Playing DVDs on my Apple TV
I stream my music and store my pictures online. Home stereos moved from single CD to the multi-disc carousel but DVD players have remained oddly behind the times. There are a few DVD changers on the market but that's only a stop gap solution and it requires that you plan ahead for what you're going to watch. I was in search of a way to have every movie I own just a few clicks away. I've found a solution via Apple TV, my Mac and RipIt. I spent time searching online and there wasn't much out there so I hope this post answers at least one persons question before they buy an Apple TV. This is aimed at people who don't want to play with encoding options and just want things to work out of the box.
Disclaimers and Bullshit
Here is where I say that copying DVDs for your own personal use (format shifting) may be prohibited by law. It depends on where you live and what way the political wind is blowing. All of that aside I looked to iTunes for my justification. While Apple would love to sell me music I would never switch to iTunes if there was no way to import CDs I already own. I bought and Apple TV so I could both buy content and so I could import the content I already own.
One DVD, Start to Finish
The latest version of RipIt will copy entire DVDs to your hard drive and also compress them into smaller, Apple TV compatible formats. The conversion is done by Handbrake under the covers but RipIt does a great job of handling installing and configuring Handbrake, which is not a novice activity. You can feel free to forget all of that but it might be helpful to know.
Step 1: Rip the DVD
- Step 1: Put a DVD in the drive
- Step 2: Open RipIt (first image)
- Step 3: Click the "Rip it" button (second image)
- Step 3.a: wait 45-60 minutes, depending (third image)
- Step 4: Eject the DVD (completed in image four)
Thats all. RipIt will place a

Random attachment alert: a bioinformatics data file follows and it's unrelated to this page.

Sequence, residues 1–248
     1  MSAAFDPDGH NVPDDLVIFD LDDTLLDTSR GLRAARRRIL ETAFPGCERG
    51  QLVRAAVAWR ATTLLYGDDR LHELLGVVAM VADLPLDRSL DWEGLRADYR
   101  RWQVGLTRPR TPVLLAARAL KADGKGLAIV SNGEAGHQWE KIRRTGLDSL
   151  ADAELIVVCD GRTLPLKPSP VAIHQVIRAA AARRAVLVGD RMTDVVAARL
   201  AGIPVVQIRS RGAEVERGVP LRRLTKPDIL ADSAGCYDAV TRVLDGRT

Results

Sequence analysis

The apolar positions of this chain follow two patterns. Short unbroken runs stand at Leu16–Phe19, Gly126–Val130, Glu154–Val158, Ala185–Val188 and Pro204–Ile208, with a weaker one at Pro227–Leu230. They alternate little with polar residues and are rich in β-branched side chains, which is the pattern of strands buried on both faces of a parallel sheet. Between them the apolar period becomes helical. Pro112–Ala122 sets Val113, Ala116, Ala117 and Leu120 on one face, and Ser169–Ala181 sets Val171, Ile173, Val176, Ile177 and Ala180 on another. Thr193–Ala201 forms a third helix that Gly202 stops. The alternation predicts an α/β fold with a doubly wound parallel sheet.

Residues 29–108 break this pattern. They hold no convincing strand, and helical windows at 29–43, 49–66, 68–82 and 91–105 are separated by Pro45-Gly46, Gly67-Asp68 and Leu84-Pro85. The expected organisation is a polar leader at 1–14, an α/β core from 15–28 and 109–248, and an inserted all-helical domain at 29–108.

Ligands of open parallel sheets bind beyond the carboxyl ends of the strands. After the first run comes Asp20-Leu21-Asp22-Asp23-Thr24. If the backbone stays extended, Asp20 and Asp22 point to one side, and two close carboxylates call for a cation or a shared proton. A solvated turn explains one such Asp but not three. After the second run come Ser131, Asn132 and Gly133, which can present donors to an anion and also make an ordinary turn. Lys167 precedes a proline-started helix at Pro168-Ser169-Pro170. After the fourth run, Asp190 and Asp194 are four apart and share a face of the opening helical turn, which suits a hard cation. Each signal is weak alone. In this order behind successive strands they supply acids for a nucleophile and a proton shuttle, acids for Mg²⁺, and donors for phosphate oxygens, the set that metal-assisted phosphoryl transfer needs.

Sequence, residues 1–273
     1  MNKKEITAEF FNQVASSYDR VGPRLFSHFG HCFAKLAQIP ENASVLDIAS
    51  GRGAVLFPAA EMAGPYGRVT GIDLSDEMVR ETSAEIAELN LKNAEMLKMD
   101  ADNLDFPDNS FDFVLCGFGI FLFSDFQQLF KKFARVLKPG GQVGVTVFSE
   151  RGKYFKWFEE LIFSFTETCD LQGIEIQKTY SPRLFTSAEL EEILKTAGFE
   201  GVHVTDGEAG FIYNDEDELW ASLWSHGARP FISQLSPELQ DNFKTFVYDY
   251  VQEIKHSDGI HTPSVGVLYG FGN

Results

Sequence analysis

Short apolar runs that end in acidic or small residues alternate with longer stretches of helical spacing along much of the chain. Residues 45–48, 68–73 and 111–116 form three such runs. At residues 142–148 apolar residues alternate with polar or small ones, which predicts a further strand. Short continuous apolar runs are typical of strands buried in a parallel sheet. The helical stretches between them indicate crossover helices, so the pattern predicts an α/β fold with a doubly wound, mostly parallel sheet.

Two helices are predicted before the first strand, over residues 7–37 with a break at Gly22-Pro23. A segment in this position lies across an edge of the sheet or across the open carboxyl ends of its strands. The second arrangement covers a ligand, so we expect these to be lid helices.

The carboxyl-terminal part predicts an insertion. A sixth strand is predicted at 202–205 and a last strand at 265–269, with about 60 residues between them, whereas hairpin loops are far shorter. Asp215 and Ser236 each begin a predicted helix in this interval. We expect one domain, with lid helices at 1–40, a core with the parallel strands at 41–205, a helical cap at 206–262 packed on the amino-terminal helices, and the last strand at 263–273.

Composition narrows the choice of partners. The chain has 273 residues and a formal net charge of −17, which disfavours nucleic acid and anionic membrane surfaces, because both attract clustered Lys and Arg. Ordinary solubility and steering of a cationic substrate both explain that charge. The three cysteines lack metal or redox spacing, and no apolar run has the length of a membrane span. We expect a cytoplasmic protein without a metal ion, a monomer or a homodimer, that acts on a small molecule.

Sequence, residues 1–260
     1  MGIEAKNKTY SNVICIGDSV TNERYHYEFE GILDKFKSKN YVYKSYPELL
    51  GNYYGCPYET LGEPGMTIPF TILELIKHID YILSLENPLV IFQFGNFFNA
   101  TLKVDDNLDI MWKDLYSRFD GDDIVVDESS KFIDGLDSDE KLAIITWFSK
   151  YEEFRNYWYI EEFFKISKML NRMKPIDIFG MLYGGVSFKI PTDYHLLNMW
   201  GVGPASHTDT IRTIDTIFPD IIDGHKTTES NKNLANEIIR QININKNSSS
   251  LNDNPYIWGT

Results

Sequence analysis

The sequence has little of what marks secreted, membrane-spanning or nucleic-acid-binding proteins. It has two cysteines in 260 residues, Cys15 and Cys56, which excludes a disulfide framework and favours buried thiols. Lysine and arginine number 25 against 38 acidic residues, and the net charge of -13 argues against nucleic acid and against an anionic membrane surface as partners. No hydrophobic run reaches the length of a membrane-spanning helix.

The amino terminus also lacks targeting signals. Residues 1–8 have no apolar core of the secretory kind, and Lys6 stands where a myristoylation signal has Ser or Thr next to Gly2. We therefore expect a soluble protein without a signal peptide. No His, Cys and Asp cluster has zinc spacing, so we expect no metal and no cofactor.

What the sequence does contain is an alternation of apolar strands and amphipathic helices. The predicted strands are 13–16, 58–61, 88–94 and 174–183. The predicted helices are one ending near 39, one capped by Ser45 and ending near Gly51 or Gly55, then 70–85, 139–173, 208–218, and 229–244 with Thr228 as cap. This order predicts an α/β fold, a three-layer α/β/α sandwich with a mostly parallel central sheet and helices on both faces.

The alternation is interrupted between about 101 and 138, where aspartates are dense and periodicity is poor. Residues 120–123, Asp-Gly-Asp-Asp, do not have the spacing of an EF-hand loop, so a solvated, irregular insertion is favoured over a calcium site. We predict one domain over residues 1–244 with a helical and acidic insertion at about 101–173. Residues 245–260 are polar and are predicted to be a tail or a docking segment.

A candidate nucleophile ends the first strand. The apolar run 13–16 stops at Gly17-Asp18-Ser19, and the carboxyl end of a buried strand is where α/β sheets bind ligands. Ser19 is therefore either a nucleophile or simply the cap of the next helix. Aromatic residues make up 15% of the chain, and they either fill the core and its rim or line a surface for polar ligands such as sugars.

.dvdmedia file in your
Movies folder and helpfully open a window to it when it's done. You may notice that there
is a "Compress" button in RipIt. I do this in two steps instead for a few reasons. The main reason is for flow (described below) but the
other reason is that if a compression fails it's much faster to re-try from your computer rather than re-reading from the DVD.
Step 2: Compress the Movie
Assuming RipIt is still open you can drag the
.dvdmedia file on to the RipIt window. By default RipIt will find the longest track on the DVD (usually
the feature) and compress it. I recommend taking a very short tour of the RipIt preferences (first image below) before your first DVD. The "Compress" tab at the top
has a few helpful options. "Import into iTunes" should be checked, and I recommend "Delete after importing into iTunes" to save on disk space. I set
the "Video target" to "High Quality M4V", which is a format compatible with the most possible gadgets. You can us "Apple TV 2" if you like but I opted
for something a little less specialized in exchange for slightly bigger files. So, the steps are:
- Step 1: Drag the
.dvdmediafile onto the RipIt window
- Step 2: There is no step two. It already started doing the work. (it should look like the second image)
- Step 3: Wait a long time for it to finish.
Step 3: Annotating (optional)
While this step is purely optional it's a small amount of time you can invest for a much more professional outcome. When DVDs are imported into iTunes they don't have any information like year, actors, description or cover art. When you browse from your Apple TV that can make it hard to tell everything apart. There was a program named MetaX that I had been using to add information to my compressed movies but development has been discontinued since I first wrote this post. The best successor is MetaZ though I don't have any direct experience with that.
Step 4: Streaming the Movies
I stream all of my movies over wifi using iTunes Home Sharing. Apple has an article on how to set it up. It's pretty simple and once it's done your computer will show up on your Apple TV and will contain all of the movies you've imported.
Bonus: My Flow
It's silly that this takes three steps (rip, compress, annotate) and with any luck Apple will fold all of this into iTunes someday. Until then I
have a hundred DVDs to process and this is tedious. My flow is to stack 4-5 DVDs next to my computer and periodically throughout the day I eject one
and insert another and start it ripping. This is a minor inconvenience and given the speed I can usually get through the stack with no problem. By
the time my son is in bed and I have more time to unwind I usually start compressing. I drag a
.dvdmedia file onto RipIt and ignore the computer. It
usually takes a few days before I finish all 4-5 I have in the
Movies folder but there is no hurry. When everything is done I do one pass with MetaX
(usually about 20 minutes of work) and start it all over again.